The Women’s Foundation of Arkansas this afternoon released the results of a study examining economic indicators for women across the state, sorted by region and county.
The study draws from an Arkansas Economic Development Institute analysis of data sets from the U.S. Census Bureau’s American Community Survey and its 2012 Survey of Business Owners. The full report will be available later this week at this link, but the overview contains some interesting numbers:
*Unsurprisingly, women in Arkansas are more likely to live in poverty than women nationally. About 85.5 percent of women in the U.S. live above the poverty line, as compared to 81.5 percent in Arkansas. (It’s worth noting here that federal poverty measures are imperfect. For one thing, the poverty line doesn’t take into account the vast differences in cost of living from one locale to another: $20,000 in Magnolia, Arkansas stretches a lot further than in San Francisco or Brooklyn.)
*In three Arkansas Delta counties — Lee, Desha
*The racial gap in poverty status varies significantly based on geography. About the same percentage of white women
*About 14 percent of women haven’t completed high school, a bit higher than the national rate of 12.4 percent. The big educational attainment gap between Arkansas and the rest of the country is in college: Only 22.2 percent of women in the state hold bachelor’s degrees, compared to 30.5 percent nationally. The figures are consistent with state educational data that show Arkansas has made significant progress on boosting educational attainment at the secondary level but still lags at the postsecondary level. *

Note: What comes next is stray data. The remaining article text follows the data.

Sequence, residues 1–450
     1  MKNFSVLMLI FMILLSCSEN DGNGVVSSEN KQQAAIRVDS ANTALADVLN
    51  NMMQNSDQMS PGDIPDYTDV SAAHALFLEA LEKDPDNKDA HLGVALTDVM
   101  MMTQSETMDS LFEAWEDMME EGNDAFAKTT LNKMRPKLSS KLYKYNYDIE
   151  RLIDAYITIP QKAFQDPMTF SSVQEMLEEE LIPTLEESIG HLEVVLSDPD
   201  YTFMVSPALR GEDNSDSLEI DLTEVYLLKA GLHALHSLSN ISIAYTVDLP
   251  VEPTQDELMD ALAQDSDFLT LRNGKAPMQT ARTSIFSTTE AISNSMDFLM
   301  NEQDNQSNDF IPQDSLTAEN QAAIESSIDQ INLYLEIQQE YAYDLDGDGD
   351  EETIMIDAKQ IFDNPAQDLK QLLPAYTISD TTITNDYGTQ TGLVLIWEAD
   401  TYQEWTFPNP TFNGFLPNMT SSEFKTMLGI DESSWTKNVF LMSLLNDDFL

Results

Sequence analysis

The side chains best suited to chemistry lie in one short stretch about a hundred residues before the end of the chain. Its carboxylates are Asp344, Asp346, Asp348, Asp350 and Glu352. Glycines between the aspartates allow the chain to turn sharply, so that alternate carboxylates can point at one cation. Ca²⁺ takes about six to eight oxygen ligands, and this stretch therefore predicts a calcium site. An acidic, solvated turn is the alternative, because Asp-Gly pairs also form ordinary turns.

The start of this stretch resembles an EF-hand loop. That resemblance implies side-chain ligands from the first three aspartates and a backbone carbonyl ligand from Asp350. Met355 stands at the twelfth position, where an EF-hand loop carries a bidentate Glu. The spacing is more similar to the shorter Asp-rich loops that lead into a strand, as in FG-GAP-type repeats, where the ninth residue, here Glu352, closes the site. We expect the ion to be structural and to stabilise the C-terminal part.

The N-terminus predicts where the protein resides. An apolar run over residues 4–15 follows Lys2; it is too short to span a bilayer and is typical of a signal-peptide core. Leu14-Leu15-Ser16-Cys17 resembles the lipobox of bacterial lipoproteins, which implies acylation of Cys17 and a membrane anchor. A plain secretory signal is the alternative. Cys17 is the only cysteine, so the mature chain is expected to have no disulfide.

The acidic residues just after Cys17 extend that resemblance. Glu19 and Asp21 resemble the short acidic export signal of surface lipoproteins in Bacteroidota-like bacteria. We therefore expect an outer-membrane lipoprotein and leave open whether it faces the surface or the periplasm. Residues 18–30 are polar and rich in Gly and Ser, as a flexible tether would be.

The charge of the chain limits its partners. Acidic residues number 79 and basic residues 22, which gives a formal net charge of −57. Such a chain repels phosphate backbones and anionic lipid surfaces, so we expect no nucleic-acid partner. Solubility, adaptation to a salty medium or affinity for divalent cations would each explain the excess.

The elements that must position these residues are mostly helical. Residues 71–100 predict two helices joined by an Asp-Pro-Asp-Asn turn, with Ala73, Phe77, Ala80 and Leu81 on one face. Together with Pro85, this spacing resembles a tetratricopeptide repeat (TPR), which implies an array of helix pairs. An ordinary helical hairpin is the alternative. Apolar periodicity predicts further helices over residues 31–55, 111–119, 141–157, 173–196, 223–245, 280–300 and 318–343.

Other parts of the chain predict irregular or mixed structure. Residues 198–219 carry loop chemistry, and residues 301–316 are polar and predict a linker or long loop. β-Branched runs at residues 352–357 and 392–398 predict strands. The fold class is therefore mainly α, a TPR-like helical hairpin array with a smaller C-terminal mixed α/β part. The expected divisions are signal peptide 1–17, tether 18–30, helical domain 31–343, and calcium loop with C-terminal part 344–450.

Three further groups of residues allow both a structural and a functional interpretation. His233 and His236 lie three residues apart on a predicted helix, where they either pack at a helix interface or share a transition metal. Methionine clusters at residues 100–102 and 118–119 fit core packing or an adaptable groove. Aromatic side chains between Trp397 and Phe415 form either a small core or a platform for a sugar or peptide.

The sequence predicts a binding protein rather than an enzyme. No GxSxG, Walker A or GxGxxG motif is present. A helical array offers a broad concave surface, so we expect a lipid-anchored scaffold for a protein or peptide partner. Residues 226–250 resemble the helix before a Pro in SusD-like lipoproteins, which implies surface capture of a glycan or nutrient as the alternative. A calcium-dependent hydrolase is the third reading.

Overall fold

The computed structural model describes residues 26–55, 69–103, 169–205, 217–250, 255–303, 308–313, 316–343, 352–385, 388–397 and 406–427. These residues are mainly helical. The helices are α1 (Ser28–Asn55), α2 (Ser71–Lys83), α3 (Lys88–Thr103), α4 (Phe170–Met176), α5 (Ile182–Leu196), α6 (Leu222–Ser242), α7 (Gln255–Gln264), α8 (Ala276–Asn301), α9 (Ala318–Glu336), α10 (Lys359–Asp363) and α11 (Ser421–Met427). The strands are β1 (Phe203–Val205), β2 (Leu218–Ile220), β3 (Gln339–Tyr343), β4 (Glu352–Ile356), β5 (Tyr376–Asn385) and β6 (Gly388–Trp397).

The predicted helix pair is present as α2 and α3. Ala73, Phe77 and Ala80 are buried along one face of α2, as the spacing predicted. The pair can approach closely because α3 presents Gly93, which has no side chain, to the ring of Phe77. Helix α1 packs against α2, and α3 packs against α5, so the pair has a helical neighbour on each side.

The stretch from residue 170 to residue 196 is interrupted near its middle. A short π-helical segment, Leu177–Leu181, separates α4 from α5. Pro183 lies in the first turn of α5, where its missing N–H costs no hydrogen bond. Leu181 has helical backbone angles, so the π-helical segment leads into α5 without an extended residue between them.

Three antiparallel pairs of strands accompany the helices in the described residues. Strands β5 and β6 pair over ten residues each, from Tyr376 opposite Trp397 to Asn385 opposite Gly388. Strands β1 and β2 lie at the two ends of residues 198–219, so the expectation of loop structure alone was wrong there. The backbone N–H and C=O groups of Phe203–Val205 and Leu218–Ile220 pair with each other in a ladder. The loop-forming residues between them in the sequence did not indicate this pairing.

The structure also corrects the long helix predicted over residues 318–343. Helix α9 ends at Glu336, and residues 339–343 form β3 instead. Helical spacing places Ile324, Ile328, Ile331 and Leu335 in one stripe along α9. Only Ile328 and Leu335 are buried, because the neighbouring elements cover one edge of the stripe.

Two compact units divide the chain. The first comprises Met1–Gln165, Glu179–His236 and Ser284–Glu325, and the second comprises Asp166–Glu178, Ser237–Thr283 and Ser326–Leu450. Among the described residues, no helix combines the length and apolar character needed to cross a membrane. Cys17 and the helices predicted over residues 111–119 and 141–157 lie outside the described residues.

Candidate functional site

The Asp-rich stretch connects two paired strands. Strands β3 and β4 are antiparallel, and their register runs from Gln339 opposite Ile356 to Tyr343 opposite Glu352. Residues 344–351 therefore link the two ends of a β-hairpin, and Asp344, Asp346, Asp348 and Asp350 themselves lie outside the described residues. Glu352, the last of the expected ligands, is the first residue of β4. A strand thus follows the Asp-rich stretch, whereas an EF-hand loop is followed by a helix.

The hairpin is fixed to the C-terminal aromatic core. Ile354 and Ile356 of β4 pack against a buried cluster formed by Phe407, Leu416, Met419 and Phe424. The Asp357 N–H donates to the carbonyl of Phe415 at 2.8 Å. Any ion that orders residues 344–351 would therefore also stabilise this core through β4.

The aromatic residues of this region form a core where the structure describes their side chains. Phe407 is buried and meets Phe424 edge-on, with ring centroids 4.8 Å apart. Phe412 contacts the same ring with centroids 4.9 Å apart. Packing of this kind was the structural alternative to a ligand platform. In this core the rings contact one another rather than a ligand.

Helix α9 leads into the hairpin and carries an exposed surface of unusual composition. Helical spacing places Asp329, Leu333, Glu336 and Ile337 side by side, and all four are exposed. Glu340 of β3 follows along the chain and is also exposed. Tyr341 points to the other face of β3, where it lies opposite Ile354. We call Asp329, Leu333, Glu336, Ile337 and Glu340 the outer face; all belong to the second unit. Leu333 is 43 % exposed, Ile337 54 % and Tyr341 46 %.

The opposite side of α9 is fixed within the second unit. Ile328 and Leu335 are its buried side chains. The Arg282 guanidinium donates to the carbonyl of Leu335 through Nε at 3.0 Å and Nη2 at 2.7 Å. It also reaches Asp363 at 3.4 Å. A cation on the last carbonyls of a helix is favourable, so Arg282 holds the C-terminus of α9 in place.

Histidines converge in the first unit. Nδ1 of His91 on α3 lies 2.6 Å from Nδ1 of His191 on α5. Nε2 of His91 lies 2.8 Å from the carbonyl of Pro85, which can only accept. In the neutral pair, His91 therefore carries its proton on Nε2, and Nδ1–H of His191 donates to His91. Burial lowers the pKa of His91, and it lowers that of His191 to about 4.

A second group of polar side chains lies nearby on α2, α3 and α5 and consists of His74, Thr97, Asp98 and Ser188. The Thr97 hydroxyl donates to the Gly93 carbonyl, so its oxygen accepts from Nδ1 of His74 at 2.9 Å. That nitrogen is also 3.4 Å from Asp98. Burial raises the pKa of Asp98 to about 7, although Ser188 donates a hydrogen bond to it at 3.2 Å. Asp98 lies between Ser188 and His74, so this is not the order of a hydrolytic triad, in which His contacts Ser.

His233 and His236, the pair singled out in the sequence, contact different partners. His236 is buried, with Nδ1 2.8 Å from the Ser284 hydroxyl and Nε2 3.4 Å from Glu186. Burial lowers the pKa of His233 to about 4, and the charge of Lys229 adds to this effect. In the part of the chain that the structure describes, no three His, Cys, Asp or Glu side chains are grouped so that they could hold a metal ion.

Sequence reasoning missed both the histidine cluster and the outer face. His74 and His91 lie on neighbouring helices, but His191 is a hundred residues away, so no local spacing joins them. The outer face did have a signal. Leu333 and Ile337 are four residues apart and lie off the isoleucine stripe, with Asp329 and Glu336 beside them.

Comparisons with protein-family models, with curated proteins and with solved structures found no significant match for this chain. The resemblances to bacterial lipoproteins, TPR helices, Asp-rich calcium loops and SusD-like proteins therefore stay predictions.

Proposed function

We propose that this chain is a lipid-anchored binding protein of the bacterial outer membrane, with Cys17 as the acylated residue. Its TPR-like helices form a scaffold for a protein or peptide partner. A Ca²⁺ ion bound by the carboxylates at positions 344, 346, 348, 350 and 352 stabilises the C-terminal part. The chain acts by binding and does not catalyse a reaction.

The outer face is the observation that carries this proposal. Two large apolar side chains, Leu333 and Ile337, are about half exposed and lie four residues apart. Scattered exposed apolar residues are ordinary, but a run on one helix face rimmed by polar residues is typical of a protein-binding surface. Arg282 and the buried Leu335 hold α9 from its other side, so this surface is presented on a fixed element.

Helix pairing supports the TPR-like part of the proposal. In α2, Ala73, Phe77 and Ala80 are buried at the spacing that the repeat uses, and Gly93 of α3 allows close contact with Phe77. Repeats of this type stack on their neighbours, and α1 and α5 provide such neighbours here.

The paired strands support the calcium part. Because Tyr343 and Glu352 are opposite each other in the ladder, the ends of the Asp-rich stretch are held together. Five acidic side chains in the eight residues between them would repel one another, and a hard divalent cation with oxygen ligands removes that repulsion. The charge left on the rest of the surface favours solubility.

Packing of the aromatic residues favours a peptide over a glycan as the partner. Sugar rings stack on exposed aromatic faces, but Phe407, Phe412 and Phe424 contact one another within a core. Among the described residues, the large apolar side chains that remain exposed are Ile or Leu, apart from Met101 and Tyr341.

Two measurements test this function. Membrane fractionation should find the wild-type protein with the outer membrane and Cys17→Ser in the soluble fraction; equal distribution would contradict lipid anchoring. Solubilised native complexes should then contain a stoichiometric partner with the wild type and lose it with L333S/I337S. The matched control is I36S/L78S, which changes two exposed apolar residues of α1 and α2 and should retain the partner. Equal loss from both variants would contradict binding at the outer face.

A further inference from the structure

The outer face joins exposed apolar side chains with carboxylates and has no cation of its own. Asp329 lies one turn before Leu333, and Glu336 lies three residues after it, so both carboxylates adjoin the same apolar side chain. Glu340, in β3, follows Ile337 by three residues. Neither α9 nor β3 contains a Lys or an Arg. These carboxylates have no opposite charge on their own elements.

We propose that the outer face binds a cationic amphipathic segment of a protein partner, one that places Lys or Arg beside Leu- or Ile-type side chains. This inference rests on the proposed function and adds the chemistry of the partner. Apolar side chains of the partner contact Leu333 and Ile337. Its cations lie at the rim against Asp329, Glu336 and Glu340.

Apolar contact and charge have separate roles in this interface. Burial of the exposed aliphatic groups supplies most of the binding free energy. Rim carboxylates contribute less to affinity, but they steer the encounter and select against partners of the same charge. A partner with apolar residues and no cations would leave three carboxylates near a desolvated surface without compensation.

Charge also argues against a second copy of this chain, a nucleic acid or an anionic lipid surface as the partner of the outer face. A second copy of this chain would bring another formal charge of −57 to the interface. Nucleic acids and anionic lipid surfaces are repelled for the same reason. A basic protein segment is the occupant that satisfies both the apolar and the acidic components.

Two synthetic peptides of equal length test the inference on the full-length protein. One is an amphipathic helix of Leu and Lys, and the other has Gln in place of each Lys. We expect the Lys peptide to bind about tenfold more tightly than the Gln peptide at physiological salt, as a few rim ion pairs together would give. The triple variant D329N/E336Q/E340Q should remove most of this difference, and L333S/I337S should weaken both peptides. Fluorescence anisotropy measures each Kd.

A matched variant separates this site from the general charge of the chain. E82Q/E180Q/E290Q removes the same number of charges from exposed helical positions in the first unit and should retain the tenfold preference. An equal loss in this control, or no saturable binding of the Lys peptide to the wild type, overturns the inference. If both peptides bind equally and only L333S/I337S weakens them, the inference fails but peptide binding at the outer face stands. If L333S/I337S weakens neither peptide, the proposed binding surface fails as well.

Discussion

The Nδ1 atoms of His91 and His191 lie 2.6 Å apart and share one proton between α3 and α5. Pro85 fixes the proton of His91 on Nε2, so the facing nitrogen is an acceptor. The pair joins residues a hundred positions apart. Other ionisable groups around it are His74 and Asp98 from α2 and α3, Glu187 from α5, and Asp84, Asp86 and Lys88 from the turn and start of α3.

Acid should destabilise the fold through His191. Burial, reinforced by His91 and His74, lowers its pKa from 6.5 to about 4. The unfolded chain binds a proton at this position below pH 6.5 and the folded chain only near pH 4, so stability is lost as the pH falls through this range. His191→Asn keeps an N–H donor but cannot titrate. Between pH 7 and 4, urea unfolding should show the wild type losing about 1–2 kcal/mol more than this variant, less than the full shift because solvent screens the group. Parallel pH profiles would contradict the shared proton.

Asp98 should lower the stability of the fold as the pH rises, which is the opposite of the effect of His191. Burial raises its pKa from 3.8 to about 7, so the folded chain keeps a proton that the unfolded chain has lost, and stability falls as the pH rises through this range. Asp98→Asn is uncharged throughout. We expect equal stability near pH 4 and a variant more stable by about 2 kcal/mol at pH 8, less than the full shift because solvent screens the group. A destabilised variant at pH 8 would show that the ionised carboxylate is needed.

*Northwest Arkansas has the state’s largest racial gap in educational attainment: 13.3 percent of white women do not have a high school diploma in NWA, versus 26.5 percent of women of color.
*Among households headed by women, almost half — 46.8 percent — live in poverty. Nationally, the figure is 39.7 percent.
*The median gender pay gap persists nationally and is slightly larger in Arkansas than the country as a whole. The earnings ratio (which only takes into account full-time, year-round employment) is 77.8 percent in Arkansas and 79.6 percent nationally. “There is little variation in the gender earnings ratio for all women and all men by region,” the study notes. (I’d note that this median gap is across all sectors and employers and may conceal smaller or larger disparities within individual professions.)
*Comparing the earnings ratio of women of color versus white men in South Arkansas, the study found that “full-time, full-year employed women of color earn almost 50% less than their white male counterparts.”